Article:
Sometimes life can almost instantly go from the sublime to the terrifying.
On a beautiful day a few weeks ago, I was at Valley View, one of my favorite hot springs campgrounds in Colorado.
There, naturally heated water flows from a number of hot springs. It is dammed and redirected into a common stream that flows first into a large swimming pool, then into a hot tub and finally into a hydroelectric plant that provides power for the campground.
It is a beautiful wooded spot with ample places to meditate, muse on nature's beauty and serenity and on how we fit into the universe.
The night before I had attended a Sufi ceremony, called a Zikr in nearby Crestone, a small town with a long history of multiple spiritual traditions.
The ceremony, which included singing, chanting, dancing and a short homily on love by Shaykha Fariha al Jerrahi, was followed by whirling, a Sufi practice responsible for the term "whirling dervishes."
Shaykha Fariha is the spiritual guide of her New York-based Sufi community and graciously invited me to the ceremony.
The entire theme of the gathering was love and peace, beliefs common to both Islam and its Sufi mystics, and the bulk of my post-Zikr ruminations was on the belief expressed a while back by a Hernando County commissioner and supported by a member of Congress that Islam is a "hateful and frightening religion."
Any religion, no matter how peaceful, can have and, at times has had, its beliefs hijacked by some lunatic fringe — like the terrorists who have done just that to Islam.
Philosophical and spiritual musings are a great way to occupy oneself on a mellow summer day in the wilderness.
That ended as I worked my way down the mountain and back in cell phone range. Only then did I learn that my younger sister had been involved in a desperate flight for her life in the midst of a Washington state forest fire.
I had caught just a mention of the fire on the news, sandwiched between reports of larger and more numerous fires raging in California. I had called my sister a couple of times, getting only a dial tone. I wasn't really worried, just thought it would be a good opportunity for us to catch up.
When I did get through, I learned that she and her family were living in a hotel, and that she and her three adult children had just barely escaped the blaze that destroyed what had been a beautiful mountainside home in an area outside Spokane.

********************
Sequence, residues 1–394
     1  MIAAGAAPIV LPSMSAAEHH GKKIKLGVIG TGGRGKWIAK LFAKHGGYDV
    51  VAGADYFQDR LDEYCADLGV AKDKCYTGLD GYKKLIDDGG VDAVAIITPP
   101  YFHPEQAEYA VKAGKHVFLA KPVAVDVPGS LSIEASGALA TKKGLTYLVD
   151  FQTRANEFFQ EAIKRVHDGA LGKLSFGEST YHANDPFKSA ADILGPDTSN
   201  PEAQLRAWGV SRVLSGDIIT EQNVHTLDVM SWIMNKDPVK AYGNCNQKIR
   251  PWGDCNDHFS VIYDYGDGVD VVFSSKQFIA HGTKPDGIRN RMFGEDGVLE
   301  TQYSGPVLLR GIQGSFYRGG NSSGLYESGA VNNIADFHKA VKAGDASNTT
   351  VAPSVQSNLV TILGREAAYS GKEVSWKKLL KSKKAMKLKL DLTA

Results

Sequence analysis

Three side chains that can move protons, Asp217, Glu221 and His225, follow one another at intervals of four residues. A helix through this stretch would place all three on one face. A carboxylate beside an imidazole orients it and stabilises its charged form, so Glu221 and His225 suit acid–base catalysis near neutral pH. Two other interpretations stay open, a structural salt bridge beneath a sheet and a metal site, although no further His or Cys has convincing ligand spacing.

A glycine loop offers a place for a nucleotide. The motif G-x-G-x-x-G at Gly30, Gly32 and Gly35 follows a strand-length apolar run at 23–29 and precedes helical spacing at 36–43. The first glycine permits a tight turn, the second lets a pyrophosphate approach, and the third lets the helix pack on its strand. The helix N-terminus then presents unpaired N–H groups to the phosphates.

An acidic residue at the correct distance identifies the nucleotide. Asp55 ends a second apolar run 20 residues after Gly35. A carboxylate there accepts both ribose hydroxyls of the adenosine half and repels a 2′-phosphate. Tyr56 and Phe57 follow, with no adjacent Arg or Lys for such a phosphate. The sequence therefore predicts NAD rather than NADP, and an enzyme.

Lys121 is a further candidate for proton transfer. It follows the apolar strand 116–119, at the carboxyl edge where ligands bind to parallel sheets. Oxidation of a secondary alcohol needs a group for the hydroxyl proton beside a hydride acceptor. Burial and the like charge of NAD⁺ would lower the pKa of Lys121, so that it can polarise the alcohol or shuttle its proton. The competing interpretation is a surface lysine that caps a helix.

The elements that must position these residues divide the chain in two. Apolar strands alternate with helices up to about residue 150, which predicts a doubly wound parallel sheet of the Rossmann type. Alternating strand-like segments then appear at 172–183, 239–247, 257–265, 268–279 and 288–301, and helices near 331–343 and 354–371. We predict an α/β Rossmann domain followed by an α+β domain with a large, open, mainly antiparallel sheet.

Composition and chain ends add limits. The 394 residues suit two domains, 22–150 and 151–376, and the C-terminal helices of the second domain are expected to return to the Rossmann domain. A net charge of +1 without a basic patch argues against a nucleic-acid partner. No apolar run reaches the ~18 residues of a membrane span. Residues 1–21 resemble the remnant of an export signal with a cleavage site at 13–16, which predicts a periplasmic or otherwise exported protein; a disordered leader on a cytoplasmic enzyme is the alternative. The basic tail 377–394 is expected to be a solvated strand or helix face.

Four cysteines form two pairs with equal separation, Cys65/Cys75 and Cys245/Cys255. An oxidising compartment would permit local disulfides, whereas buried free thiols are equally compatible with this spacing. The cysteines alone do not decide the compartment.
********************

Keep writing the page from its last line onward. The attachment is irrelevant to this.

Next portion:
The area, where 13 homes were destroyed, is called, ironically, Valley View, the same as the place where I had been placidly contemplating my navel.
My physician brother-in-law was at work and my sister, her college-age daughter, and two sons, one of them autistic, had little warning before learning that they were surrounded. They and their two cats piled into their car with no time to grab anything, not even my sister's wedding rings or purse, and drove down the side of a mountain, watching trees around them explode into flame.
I reminded her that I am a Buddhist and we are about detaching from material things, although I am lousy at it.
"I have never been so ascetic in my life," she joked.
My sister is a gutsy woman, having been blessed with the best of the genes from our sometimes-questionable family gene pool.
I remember when she flew from Colorado to Florida, alone, with a knee so badly mangled in a skiing accident that it had to be replaced with an artificial joint.
And I have applauded from afar as she and her husband and two other children raised a non-verbal autistic son with unsurpassed love and understanding. A soon-to-be published book will describe that task with an eye toward helping other people in the same situation.
Later she found that her wedding album and a baby album had survived in a fire safe, and armed with only those reminders of their past, they have found a new home and are putting their lives back together.
I will help out with family pictures and other memorabilia, but, as she said, "I already got what was important. Nothing else matters."
I contemplate the universe.
She understands it.